Danielle Douglas
Monday, November 22, 2010

A flurry of recent hotel sales underscores improvement in the hospitality sector, where higher occupancies and rising room rates have drawn local real estate firms from the sidelines in a manner not seen since before the crash of the market.

Acquisitions of hotel properties nationally topped $2.7 billion in the third quarter, almost four times the sales volume for the same period a year ago, according to real estate research firm Real Capital Analytics. The $1.2 billion in deals in September alone made it the most active month since April 2008. Leading the charge in this buying frenzy are a number of homegrown companies, all based in Bethesda, including Host Hotels & Resorts, LaSalle Investment Management, DiamondRock Hospitality, Pebblebrook Hotel Trust and Chesapeake Lodging Trust.

In one of the largest, and most talked about, deals this year, Host Hotels snagged the W Union Square in Manhattan for $185 million, or $686,049 a room, in September. LaSalle Investment has completed five acquisitions in the past two months, during which time Pebblebrook tucked three lodging properties into its portfolio.

"This is an excellent time to be in the market," said Raymond D. Martz, chief financial officer of Pebblebrook Hotel Trust. "It's the beginning of the cycle. And we continue to see a great number of high-quality acquisition opportunities in core markets."

Pebblebrook has two more properties under contract in Los Angeles and Philadelphia for $190 million in total. Former LaSalle Hotel chief executive Jon Bortz formed the company last December to take advantage of turmoil in the lodging market.

At the time, the sector was closing out one of its worst years, with occupancy down 8.8 percent and room revenue down 16.7 percent year over year, according to Smith Travel Research. Tepid demand made it tough for some to repay loans and helped create $31 billion worth of distressed hotels in 2009. Buyers began circling with hopes of snagging properties for cents on the dollar. Owners, however, held out for better pricing.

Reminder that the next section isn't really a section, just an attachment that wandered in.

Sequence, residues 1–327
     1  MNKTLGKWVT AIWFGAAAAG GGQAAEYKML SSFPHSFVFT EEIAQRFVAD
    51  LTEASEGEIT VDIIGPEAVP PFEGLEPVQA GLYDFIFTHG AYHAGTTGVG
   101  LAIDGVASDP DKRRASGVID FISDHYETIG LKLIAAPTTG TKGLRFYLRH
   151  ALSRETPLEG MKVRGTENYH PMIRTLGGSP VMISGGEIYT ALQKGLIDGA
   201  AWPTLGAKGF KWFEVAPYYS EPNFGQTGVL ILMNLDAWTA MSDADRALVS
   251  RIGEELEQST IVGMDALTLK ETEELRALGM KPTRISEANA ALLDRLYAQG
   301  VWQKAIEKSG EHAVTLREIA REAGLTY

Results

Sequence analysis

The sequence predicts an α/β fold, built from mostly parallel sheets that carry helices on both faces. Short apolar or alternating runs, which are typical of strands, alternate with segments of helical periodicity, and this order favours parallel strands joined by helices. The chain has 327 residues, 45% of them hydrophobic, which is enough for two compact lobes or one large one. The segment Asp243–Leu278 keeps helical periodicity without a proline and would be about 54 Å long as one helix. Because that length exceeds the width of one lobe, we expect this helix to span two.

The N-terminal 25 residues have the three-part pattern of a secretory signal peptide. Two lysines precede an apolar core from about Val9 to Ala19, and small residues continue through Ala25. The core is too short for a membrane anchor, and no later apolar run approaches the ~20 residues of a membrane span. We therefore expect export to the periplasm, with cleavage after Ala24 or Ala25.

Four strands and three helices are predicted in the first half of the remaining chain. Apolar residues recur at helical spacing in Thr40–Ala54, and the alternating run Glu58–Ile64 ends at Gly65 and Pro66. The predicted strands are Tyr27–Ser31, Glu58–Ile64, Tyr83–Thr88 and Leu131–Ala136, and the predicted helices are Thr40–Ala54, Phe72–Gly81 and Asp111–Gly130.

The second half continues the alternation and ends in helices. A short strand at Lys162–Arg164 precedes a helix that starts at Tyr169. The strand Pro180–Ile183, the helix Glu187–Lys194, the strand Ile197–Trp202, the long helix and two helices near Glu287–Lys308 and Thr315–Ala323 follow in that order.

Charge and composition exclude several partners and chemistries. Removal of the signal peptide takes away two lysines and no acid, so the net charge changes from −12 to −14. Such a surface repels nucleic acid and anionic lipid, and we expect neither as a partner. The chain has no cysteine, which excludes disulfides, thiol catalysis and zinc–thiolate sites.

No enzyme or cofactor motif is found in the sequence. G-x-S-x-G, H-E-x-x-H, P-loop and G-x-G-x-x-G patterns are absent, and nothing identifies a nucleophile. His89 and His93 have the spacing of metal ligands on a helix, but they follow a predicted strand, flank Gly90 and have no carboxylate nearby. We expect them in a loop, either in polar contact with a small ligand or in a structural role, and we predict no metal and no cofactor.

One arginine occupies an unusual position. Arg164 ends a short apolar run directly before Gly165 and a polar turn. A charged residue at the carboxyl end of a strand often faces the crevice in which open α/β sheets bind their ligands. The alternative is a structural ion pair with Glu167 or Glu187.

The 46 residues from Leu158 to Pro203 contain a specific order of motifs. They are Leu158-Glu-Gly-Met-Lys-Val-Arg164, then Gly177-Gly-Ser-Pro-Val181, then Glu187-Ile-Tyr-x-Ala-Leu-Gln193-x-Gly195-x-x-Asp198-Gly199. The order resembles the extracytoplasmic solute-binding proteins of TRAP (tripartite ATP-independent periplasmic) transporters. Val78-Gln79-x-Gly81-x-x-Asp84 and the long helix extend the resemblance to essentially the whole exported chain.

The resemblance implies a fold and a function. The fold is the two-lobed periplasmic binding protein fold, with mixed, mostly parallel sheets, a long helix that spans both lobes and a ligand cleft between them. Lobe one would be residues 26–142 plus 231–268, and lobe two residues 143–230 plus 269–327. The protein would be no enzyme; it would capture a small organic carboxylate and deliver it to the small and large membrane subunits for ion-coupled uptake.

Improving fundamentals -- with occupancy up 5.2 percent and room revenue up 4.5 percent for the first nine months of the year -- have helped narrow the difference between offers and what buyers would accept, pushing up prices. That activity is likely to continue, with Colliers PKF Hospitality Research forecasting a 36 percent gain in room revenue over the next four years.

The hotel companies "are counting on that [growth] because they are buying at relatively low capitalization rates, but banking on the fact that the industry is going to be improving," said Bob Eaton, executive managing director of Colliers International Hotels.

Though distressed sales accounted for a mere 16 percent of hotel deals in the third quarter, investors are confident that number will grow. And with good reason. About $9.6 billion in hotel commercial mortgage-backed securities were delinquent at the start of this month, while $14.4 billion in hotel debt is set to mature between now and 2014, according to the Trepp research service.

"That's a big driver of transaction activity," said James L. Francis, president and chief executive of Chesapeake Lodging. Chesapeake, which was established in January, has several deals coming down the pike that are driven by debt maturities in 2011, he said.

"We're at the beginning of what we expect will be a long growth period for the hotel industry," said Bruce Stemerman, managing director of Jones Lang LaSalle Hotels in the District. "People are going to enjoy increased demand in major urban markets, without considerable increased new supply. That's a good equation for improved operating results for owners."

Not to mention a strong attraction for buyers.

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